My intent is to write a few posts about what I’ve been playing on the android phone as time-killers. (a.k.a. “What I’ve been playing while I wait for the Marvel Puzzle Quest heroes to heal”.) Some of these games are more fun than others, but each has something that kept me interested, at least for a while.
Cost: Free, with optional in-game purchases that aren’t really needed if you log in daily and approach the game in a casual fashion. (See below.)
What is it?: Sort of a high-fantasy Japan-anime Pokemon style turn-based fighting game. (whew)
You create a team of heroes and fight whatever the quest requires. Every creature/hero is inherently one of six colors, and there’s a rock/ paper/ scissors element to it — Blue > Red > Green > Yellow > Blue… Also — White > Black > White. The quests often involve fighting creatures of a certain color, so having the “rock to their scissors” can be very helpful.
When you win a fight you’re rewarded with gold, crafting materials, and sometimes you get an “essence” of one of the creatures that you defeated. These “essences” are “fused” with your existing creatures/heroes to level them up and improve their abilities.
Why It Held My Interest: I’m always a sucker for Diablo-style random drops, and Brave Frontiers has that with the essences. The actual crafting portion isn’t as interesting, but it still adds something.
1. Eventually, “optimal” fighting becomes more or less the same, which is why I eventually tired on it somewhat.
2. If you decide that this game looks interesting I would *highly* recommended that you log in daily — the daily rewards can include “gems” once you’ve logged in a number of days in a row. The “gems” are used to increase your inventory slots for creatures, which you’ll need. (You can use “gems” for lots of things, as a casual player I’d recommend using them ONLY for creature slots.) The “gems” are where the developers try to monetize the game.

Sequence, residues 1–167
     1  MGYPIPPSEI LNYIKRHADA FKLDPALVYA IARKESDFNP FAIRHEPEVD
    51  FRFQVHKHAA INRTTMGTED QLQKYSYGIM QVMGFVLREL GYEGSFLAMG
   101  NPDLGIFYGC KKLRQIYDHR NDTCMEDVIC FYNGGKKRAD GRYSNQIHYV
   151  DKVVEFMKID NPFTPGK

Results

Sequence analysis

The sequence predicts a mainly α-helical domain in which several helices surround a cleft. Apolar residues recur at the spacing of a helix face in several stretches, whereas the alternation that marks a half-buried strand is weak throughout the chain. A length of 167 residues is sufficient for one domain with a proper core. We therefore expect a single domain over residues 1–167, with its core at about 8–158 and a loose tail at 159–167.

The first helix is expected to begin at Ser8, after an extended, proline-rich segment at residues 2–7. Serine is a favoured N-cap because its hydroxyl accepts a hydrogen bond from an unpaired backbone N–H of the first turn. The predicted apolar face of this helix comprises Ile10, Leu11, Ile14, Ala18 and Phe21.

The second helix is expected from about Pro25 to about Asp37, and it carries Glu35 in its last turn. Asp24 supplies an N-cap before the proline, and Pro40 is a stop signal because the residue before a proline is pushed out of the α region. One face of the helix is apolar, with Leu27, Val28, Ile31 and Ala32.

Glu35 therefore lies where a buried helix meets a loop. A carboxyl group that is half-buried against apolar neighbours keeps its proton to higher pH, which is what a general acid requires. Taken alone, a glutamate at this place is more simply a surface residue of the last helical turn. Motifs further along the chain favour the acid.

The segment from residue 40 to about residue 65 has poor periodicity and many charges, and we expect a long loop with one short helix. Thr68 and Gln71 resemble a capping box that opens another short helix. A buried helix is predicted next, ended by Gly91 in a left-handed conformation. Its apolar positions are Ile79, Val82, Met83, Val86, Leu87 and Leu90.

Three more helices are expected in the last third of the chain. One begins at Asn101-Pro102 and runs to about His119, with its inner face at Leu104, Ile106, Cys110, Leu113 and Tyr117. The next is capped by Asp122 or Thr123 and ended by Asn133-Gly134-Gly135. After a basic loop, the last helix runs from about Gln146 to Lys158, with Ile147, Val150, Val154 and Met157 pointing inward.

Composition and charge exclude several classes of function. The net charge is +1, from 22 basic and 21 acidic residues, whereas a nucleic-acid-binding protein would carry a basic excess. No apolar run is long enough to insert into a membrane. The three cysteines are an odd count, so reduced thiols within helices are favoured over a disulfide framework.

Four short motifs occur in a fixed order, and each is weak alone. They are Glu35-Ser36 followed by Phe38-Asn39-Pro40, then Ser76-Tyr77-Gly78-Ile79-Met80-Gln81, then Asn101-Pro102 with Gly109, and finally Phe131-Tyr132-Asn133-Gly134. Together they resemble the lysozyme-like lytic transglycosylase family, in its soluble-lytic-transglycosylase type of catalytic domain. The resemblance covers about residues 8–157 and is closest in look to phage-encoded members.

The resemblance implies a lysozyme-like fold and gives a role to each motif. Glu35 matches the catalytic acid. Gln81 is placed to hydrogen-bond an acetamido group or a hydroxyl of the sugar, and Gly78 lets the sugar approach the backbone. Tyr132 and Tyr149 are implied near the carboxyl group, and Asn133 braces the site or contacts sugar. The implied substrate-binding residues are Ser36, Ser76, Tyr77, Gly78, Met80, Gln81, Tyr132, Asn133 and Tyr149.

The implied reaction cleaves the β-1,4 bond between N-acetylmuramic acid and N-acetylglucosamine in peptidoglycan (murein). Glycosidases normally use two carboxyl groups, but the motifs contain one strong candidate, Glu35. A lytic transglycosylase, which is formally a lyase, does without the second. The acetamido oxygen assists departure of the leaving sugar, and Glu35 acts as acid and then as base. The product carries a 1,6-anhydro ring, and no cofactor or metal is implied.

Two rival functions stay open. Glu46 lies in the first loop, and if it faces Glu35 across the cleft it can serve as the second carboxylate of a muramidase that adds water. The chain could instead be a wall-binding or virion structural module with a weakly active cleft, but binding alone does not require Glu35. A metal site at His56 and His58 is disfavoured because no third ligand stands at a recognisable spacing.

3. Quests require “energy” to fight, starting at 3 energy and going up from there as you advance. Energy regenerates at the rate of 1 point per 10 minutes, which leads to the next point: The fights can be unforgiving — there are times that you don’t know that you’re not “tall enough to ride this ride” until after you’ve gotten the snot kicked out of you, which basically represents a time sink… of course you can repair your energy faster with “gems”…
Overall though, if you like Pokemon-style games you can do a lot worse, I got quite a few hours out of Brave Frontiers, and I’m leaving the window open to maybe playing more.
Just make sure to check out the Brave Frontiers wiki if you’re at all serious about advancement.
by A.J. Coltrane
The middle of December saw the Not-Pretty Baguettes.
Tonight’s are much more photogenic:
The crumb was decent but not exceptional. This may be to be expected given the relatively small diameter of the breads:
Notice how the open spaces are directly down the center — the area that was slashed.
It’s basically a classic baguette formula: 100 parts bread flour, 60 parts water, 2 parts salt:
1. Before I left for work I combined 200g bread flour and 200g water with ~1/16 tsp of instant yeast.
2. When I got home I combined the preferment in the KitchenAid with an additional 130g flour, 7 grams of kosher salt, and 2/3 tsp of instant yeast. The combined dough was mixed for 8 minutes on low speed.
3. The dough was allowed to rise for 30 minutes, then divided, shaped, and placed into a towel-lined (and covered) baguette pan. The doughs were allowed to rise in the baguette pan for 30 minutes..